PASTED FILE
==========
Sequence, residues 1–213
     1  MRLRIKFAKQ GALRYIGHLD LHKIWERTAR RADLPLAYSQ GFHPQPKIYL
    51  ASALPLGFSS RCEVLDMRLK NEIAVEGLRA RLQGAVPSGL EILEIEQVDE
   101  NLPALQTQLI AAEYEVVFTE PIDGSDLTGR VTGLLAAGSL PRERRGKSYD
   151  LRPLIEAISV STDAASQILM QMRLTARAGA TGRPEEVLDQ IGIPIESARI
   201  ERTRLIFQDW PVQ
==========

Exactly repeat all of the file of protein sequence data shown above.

Sequence, residues 1–213
     1  MRLRIKFAKQ GALRYIGHLD LHKIWERTAR RADLPLAYSQ GFHPQPKIYL
    51  ASALPLGFSS RCEVLDMRLK NEIAVEGLRA RLQGAVPSGL EILEIEQVDE
   101  NLPALQTQLI AAEYEVVFTE PIDGSDLTGR VTGLLAAGSL PRERRGKSYD
   151  LRPLIEAISV STDAASQILM QMRLTARAGA TGRPEEVLDQ IGIPIESARI
   201  ERTRLIFQDW PVQ